According to Wikipedia's PCI article and List of device bandwidths, PCI bus bandwidths can be calculated with the following formula:
frequency * bitwidth = bandwidth
33.33 MHz * 32 bits = 1067 Mbit/s = 133.32 MB/s
Conventional PCI buses operate with the following bandwidths:
- PCI 32-bit, 33 MHz: 1067 Mbit/s or 133.33 MB/s
- PCI 32-bit, 66 MHz: 266 MB/s
- PCI 64-bit, 33 MHz: 266 MB/s
- PCI 64-bit, 66 MHz: 533 MB/s
According to the same links:
- SATA (SATA-150): 150 MB/s
- SATA (SATA-300): 300 MB/s
- Fast Ethernet (100base-X): 11.6 MB/s
- Gig-E (1000base-X): 125 MB/s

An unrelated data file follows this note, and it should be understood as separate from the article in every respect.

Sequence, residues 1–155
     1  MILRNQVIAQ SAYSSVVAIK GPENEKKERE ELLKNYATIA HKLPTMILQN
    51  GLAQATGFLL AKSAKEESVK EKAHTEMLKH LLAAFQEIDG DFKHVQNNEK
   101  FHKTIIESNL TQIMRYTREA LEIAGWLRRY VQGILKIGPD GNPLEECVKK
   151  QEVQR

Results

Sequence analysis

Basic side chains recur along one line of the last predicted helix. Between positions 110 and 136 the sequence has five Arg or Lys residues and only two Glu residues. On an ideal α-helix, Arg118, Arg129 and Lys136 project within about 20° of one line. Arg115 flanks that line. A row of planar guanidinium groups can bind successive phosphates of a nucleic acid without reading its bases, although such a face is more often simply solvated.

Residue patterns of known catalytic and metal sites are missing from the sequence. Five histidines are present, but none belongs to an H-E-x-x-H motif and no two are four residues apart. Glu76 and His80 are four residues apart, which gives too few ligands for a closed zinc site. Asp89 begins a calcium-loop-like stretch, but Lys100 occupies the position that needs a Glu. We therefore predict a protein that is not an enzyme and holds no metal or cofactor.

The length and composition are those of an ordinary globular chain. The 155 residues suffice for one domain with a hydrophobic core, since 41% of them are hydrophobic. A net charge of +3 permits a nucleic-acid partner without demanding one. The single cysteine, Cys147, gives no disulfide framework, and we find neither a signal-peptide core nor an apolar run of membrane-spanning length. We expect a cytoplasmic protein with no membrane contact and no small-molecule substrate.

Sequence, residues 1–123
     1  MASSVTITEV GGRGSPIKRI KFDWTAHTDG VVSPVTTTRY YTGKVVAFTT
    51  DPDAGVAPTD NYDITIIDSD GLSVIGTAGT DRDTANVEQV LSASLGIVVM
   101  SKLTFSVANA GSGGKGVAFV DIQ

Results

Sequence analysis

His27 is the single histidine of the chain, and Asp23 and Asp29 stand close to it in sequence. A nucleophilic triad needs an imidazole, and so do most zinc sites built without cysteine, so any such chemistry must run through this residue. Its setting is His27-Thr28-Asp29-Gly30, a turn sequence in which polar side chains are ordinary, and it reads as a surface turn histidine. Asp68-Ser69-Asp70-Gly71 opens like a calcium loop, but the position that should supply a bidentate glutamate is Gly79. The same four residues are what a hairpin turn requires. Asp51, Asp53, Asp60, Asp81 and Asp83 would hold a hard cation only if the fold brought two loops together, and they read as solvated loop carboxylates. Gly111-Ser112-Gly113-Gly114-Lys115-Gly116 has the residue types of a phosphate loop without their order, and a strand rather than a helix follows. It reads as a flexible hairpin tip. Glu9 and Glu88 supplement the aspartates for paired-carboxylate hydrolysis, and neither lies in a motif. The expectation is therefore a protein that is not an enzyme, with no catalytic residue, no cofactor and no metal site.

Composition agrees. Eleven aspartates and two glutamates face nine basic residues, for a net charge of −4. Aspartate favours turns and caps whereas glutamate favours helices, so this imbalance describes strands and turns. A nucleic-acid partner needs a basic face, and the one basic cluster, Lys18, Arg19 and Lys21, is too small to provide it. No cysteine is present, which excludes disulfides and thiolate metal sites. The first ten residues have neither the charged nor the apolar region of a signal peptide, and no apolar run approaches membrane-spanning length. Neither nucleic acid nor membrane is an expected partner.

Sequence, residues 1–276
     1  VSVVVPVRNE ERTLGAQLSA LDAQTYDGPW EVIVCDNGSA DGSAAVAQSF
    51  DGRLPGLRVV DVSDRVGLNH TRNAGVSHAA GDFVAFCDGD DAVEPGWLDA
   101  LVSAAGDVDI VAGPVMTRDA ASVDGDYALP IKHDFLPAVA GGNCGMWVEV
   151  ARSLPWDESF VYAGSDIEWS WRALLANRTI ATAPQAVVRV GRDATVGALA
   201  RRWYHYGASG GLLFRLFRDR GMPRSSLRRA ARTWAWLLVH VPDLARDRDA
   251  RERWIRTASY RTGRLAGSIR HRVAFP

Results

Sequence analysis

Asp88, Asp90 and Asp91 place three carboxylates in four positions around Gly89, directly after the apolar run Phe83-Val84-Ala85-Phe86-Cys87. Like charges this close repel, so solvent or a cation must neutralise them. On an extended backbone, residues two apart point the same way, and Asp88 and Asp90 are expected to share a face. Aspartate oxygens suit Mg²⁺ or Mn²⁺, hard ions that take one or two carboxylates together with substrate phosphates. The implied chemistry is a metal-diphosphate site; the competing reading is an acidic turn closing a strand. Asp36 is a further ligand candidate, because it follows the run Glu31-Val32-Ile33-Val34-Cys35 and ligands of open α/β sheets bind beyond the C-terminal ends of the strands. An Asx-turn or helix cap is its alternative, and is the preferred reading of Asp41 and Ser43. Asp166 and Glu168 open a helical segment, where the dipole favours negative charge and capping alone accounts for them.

Theoretically, it looks like you've got room on the PCI bus for two Gig-E cards, or a SATA-II card, but not both. At least, not running at theoretical maximums. If you put in all three, running them all at full load will bottleneck at the PCI bus.
Fortunately, you won't come close to hitting theoretical speeds on the SATA interface (unless you're using expensive SSD drives). Your Gig-E cards will probably come closer, but in all cases the real-world speeds will be significantly less than theoretical speeds.
I expect such a setup will work fine for many applications.